The ancient gates, the Etruscan acropolis, the Roman theater and the medieval palaces with their crenellated towers are just a few of the city's attractions: all around is the fascinating and wild Valdicecina, with its rough but fertile nature.
If you love hiking, the Montenero Regional Nature Reserve, a green island nestled among the agricultural lands of the surrounding hills, is just a short drive from Volterra.
The picturesque landscape offers beautiful waterfalls and woods with numerous species of small birds. 
The route from Volterra to Ulignano is about 9 kilometers long and is quite challenging due to the high altitude.

1.

Campiglia Marittima

Rocca San Silvestro
Rocca San Silvestro

Campiglia Marittima is one of the most picturesque villages in the Val di Cornia: perched on a hill overlooking the Etruscan Coast, it offers a sensational view of the Tuscan archipelago and the surrounding countryside.

On the highest hill of Campiglia stands the Rocca, which includes the keep, the ancient cistern, the imposing crenellated wall and the aqueduct from the 1930s.   
If you prefer more challenging itineraries, you can visit the San Silvestro Archaeological Mines Park. Located just a few kilometers from the town and covering 450 hectares, it includes museums, mining galleries, archaeological mining trails and Rocca San Silvestro, the ancient village of miners founded in the Middle Ages to exploit copper, lead and silver deposits.

1.

Barga

Barga
Barga

Between the Tuscan-Emilian Apennines and the Apuan Alps, Barga is a medieval village rich in ancient traditions, listed among the most beautiful villages in Italy.
Protected by a wall and accessible through three gates, the Castle dominates Barga.
Walking through irregular alleys and small squares, you will discover a lively and picturesque town that houses works of art and artistic traditions. Do not miss a visit to the Cathedral of San Cristoforo or, during the summer, one of the many events of the famous Barga Jazz Festival
Barga is also one of the stops on the Via del Volto Santo, a path that starts in Pontremoli - home of the famous Statue Stele - and crosses Tuscany for about 150 kilometers, touching Lunigiana, Garfagnana and the Mid Serchio Valley.
The waypoint from Castelnuovo Garfagnana to Barga is about 150 kilometers long and winds through a fascinating rural landscape. Moreover, around Barga, the remains of trenches and tombstones remind us of the partisan fight during World War II.

1.

Uzzano

Uzzano
Uzzano - Credit: Mongolo1984

Uzzano is one of the medieval jewels of the Valdinievole, beloved even by Maestro Puccini, who composed the third and fourth acts of La Bohème right here.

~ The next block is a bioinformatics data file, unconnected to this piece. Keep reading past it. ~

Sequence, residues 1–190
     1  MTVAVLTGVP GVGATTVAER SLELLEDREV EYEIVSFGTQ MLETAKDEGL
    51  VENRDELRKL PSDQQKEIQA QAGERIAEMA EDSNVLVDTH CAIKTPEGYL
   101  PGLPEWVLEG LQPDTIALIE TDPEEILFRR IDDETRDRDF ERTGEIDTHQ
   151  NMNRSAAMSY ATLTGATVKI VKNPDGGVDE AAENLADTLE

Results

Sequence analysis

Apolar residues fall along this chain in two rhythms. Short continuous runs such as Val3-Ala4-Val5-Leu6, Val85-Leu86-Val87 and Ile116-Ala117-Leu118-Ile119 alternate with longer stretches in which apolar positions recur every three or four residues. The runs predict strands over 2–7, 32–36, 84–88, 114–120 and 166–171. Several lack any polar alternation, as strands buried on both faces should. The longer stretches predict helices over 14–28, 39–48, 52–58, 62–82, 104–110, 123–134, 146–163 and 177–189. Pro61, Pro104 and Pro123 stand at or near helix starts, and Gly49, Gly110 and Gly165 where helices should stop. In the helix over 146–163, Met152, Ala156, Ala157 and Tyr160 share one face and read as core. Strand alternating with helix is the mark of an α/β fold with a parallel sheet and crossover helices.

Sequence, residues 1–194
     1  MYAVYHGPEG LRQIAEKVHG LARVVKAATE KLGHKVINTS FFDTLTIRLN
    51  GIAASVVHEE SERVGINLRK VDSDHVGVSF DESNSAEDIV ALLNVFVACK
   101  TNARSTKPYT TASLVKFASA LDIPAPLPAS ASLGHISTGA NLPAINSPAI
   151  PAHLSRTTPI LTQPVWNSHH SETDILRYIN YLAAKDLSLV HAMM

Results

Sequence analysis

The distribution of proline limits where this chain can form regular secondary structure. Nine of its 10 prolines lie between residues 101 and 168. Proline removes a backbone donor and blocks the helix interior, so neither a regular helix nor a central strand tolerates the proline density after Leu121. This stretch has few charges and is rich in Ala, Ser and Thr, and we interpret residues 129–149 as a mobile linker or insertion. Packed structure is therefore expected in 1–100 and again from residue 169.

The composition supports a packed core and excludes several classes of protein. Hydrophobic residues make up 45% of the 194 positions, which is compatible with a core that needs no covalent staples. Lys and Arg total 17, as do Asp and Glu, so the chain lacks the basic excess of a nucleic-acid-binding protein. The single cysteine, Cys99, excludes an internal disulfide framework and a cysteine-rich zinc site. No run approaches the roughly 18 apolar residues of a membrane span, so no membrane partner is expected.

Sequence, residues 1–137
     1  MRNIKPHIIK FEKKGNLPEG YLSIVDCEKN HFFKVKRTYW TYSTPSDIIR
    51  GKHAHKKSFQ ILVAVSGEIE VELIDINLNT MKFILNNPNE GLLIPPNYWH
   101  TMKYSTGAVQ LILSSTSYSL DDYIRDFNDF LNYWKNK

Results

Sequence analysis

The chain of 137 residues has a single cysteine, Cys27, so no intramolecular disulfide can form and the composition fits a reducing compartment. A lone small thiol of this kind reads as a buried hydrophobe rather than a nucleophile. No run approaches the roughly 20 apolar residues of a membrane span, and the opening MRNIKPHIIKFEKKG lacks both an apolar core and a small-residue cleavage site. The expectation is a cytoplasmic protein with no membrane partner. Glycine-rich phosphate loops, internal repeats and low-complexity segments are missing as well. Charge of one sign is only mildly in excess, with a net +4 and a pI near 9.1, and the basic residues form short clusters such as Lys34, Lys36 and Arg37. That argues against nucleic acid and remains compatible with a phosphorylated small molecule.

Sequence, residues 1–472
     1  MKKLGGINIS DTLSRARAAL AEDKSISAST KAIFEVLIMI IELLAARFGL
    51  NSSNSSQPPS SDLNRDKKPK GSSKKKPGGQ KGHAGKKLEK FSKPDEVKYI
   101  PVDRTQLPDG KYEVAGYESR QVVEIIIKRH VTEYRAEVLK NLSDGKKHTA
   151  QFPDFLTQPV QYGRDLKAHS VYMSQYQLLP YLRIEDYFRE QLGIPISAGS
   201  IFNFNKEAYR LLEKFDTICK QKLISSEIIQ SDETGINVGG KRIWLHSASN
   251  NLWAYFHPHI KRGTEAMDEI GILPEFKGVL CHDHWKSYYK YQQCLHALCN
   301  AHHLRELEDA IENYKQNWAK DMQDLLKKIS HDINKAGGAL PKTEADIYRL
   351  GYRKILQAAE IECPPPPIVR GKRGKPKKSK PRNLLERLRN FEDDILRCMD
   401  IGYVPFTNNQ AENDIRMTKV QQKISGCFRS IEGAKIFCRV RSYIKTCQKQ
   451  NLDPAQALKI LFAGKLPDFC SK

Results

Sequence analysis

The Castle is undoubtedly one of the town's main attractions, along with the medieval historic center on the hill: from here, the view of the valley is truly spectacular.
From this point, you can reach the Cammino di San Jacopo, a route from Florence to Livorno that crosses several towns and villages rich in history and charm: the leg that passes through Uzzano connects Pistoia to Pescia, offering unique views and splendid nature, is easy to travel and is about 25 kilometers long.

1.

Fiesole

View from Fiesole
View from Fiesole

Fiesole needs no introduction, thanks to its privileged position and ancient history. It has always been a favorite of literary and intellectual circles, and it offers an incomparable view of Florence and an archaeological area that testifies to its important past.
Walking here is a truly unforgettable experience, thanks also to the different panoramic points. If you love trekking and nature, there is nothing better than to go to Monte Ceceri, characterized by serena stone caves since at least the 15th century. The Park of Monte Ceceri covers an area of 44 hectares and includes historical sites, such as the Cava del Braschi and the Cava Sarti, a vast open-air cave just below the Panoramic Square named after Leonardo.

1.

Reggello

The tallest tree in Italy
The tallest tree in Italy - Credit: IAT Reggello

Reggello is one of the places best known to Florentines because of its location: it is located on the Florentine mountains, between the northwestern slope of Pratomagno and the woods of Vallombrosa, making it an ideal summer destination for those seeking respite from the city’s heat. The village is very ancient, even if its current territorial layout is from the 19th century. You can reach the Anello dei Giganti (the Giants’ Ring), an itinerary suitable for everyone whose starting point is along the road that from Vallombrosa lead to the Consuma Pass. It is so called because it is home to the tallest trees in Italy, two American firs over 60 meters high.